Blues trade O’Reilly, Acciari to Maple Leafs, look to future
ST. LOUIS - The St. Louis Blues are looking to the future after trading captain and center Ryan O’Reilly along with center Noel Acciari to the Toronto Maple Leafs on Friday night.
St. Louis acquired Toronto’s 2023 first-round draft pick and 2024 second-round draft pick and Ottawa’s 2023 third-round pick from the Maple Leafs along with AHL forwards Mikhail Abramov and Adam Gaudette. Toronto also traded its 2025 fifth-round pick to the Minnesota Wild for the rights to forward prospect Josh Pillar in exchange for the Wild picking up 25% of O’Reilly’s salary.
The 32-year-old O’Reilly, who won the 2019 Conn Smythe trophy with St. Louis, had 12 goals and seven assists in 40 games this season while Acciari, 31, had 10 goals and eight assists in 54 games. Both players are set to be unrestricted free agents this offseason.
The trade comes with St. Louis sitting eight points out of a playoff spot with a 26-25-3 record entering play Saturday. The Blues traded forward Vladimir Tarasenko and defenseman Niko Mikkola to the New York Rangers on Feb. 9.
“This actually in a crazy way, made my job easier, not harder,” Blues general manager Doug Armstrong said. “It would have been difficult to be sitting in front of you today if we had five more wins, which is 10 more points and telling you why it was a good idea to move Vladimir Tarasenko, why it was a good idea to move Ryan O’Reilly and Mikkola and Noel for draft picks on a team that was fighting for a playoff spot or in a playoff spot fighting for a championship.”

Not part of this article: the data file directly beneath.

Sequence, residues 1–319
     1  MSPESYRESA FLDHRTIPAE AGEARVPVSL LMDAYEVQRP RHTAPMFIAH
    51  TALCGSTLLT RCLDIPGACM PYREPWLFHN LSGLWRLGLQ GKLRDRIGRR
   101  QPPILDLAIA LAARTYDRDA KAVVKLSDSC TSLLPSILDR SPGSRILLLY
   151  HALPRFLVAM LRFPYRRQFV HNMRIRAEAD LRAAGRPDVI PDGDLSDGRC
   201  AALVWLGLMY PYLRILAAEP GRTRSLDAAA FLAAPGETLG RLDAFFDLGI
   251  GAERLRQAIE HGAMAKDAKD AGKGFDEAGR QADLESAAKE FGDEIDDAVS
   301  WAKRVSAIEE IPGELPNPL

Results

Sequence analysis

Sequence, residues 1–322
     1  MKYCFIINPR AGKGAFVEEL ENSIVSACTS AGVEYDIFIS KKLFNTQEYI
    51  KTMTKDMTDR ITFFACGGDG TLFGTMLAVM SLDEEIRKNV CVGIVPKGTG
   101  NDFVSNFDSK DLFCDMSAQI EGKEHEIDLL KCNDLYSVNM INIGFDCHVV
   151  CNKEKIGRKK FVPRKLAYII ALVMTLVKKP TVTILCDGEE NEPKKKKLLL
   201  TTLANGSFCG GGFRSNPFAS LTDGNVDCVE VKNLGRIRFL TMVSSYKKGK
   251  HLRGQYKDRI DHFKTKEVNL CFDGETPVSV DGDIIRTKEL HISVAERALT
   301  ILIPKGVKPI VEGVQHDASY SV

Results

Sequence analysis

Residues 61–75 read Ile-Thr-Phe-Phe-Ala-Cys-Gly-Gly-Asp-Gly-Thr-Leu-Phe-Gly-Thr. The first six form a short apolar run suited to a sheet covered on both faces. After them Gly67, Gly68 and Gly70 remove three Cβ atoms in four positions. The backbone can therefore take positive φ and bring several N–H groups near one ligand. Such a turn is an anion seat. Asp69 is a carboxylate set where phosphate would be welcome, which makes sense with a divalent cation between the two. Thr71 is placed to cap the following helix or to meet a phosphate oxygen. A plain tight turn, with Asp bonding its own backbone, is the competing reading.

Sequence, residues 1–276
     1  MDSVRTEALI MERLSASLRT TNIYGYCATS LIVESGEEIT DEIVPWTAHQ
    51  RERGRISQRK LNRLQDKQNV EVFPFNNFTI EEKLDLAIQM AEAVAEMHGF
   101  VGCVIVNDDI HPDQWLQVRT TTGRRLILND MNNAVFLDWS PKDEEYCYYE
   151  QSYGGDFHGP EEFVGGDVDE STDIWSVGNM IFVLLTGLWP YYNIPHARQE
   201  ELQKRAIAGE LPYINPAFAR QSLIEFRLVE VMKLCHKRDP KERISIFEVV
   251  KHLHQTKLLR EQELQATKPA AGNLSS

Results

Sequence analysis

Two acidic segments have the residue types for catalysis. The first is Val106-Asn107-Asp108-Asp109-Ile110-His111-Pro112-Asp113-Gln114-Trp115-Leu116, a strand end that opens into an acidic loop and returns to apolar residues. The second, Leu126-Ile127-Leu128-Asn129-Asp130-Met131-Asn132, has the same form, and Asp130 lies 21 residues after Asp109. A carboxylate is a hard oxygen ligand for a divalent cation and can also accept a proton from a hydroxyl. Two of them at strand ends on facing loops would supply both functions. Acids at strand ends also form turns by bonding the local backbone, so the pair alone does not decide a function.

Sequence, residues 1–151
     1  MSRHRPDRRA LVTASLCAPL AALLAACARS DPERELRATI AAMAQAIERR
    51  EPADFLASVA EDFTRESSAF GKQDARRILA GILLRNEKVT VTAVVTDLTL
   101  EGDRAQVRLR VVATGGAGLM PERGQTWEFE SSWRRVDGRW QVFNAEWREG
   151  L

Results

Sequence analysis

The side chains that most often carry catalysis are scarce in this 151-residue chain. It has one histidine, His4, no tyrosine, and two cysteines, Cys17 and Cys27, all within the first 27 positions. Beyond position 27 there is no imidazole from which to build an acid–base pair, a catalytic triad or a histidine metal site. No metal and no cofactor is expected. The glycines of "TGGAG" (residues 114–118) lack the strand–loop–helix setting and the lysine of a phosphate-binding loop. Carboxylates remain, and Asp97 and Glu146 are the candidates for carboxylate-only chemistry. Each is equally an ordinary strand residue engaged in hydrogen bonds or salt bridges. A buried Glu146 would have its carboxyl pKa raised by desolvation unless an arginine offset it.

St. Louis had won three straight after dropping five in a row, but Armstrong wasn’t influenced by the recent streaks.
“It was probably a little bit before that,” Armstrong said. “This year we haven’t been able to find Ground Zero. Good teams don’t fluctuate the way we fluctuated, win three and lose eight, win seven, lose five win three. What that indicates to me is a team that doesn’t have a foundation and something to fall back on quickly when things are going bad.”
St. Louis was looking to build off last season when it fell to the Stanley Cup Champion Colorado Avalanche in six games in the Western Conference Semifinal.
“I was hoping to be here and celebrate a Stanley Cup,” Armstrong said. “I was also prepared to be here and lose in the first or second round and be getting drilled by `well, now you’ve lost and you have no future assets and you’ve done all this stuff, you’re an idiot.’ I was hoping to have to be labeled like that as a guy that didn’t maximize his assets. This year, I didn’t have that.”
St. Louis now owns Toronto’s first-round pick and the later of the New York Rangers’ two first-round picks in the 2023 NHL Entry Draft in addition to its own.
Armstrong did not rule out making additional moves ahead of the NHL’s March 3 trade deadline.
“I think that the equity in the NHL now to have is first-round picks,” Armstrong said. “One thing that I do know what we’re going to do though is if we move picks, players, it’s not going to be for one-year players. We need to again retrench with players that are 25, 26 and under that have term under contract so they can grow with that next core of players we have.”